LONDON: HSBC, the planet's third largest bank was no match for the people power of Facebook, which last week forced the banking giant to retreat on its decision to withdraw students' interest-free overdrafts once they leave university.

In July the bank decided to axe the interest-free overdrafts, asserting that many students, who did not intend to make HSBC their main bank, were running accounts with other banks to take advantage of interest-free borrowing facilities.

It also alleged there to be high levels of bad debt on these accounts, with students piling-up overdrafts and then "effectively disappearing".

Some cynics argue that instead of penalizing such enterprising embryo bankers, already well-versed in money manipulation, HSBC should have offered them trainee-management positions.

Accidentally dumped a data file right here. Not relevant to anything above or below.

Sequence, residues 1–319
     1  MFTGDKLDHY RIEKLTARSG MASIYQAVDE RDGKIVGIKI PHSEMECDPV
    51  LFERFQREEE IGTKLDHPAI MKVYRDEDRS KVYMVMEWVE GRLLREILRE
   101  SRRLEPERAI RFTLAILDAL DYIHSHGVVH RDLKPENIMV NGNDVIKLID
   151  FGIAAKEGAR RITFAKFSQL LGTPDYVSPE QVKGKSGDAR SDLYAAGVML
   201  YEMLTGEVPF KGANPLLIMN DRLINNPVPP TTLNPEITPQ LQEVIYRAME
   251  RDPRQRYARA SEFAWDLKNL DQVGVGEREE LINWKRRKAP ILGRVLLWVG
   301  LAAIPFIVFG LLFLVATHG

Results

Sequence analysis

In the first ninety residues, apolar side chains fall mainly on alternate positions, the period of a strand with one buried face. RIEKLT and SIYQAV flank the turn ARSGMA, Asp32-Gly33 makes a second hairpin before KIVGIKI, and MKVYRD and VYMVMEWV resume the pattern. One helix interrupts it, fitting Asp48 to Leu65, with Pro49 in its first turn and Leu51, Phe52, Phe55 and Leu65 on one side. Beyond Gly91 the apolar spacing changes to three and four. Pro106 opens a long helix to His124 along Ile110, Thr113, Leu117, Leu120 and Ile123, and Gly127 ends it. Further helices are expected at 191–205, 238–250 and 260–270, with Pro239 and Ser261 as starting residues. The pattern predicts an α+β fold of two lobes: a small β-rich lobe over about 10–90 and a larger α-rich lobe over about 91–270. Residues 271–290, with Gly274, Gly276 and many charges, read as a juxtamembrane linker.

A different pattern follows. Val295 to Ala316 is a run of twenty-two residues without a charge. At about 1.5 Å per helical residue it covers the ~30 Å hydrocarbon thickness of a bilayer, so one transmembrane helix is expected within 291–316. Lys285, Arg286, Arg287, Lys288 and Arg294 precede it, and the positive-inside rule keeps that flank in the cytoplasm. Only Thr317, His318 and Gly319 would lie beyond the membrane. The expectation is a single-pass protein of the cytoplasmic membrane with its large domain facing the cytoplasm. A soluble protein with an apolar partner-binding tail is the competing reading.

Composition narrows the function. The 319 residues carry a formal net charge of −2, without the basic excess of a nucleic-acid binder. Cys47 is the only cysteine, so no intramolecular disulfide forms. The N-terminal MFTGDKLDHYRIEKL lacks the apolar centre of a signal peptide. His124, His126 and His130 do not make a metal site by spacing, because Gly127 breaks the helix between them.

However, a massive revolt by graduates, fomented by exposure on the social-networking website, brought about a hasty U-turn by the bank, which declared itself "not too big to listen to customers".

The coup was masterminded by National Union of Students vp Wes Streeting, who set up a Facebook group called "Stop the Great HSBC Graduate Rip-Off". It attracted over 5,000 supporters.

And stopped the bank's move dead in its tracks.

HSBC undertook to freeze interest charges on overdrafts up to £1,500 for students who graduated this summer. It also agreed to refund any interest charged in August.

Said Streeting: "There can be no doubt that using Facebook made the world of difference to our campaign."

While Andy Ripley, HSBC head of product development, said the bank would work with the NUS to "enhance our new account offer so that it fully reflects the needs of recent graduates".

In the current financial climate, even the world's third largest bank needs all the friends it can get.

Data sourced from Financial Times; additional content by WARC staff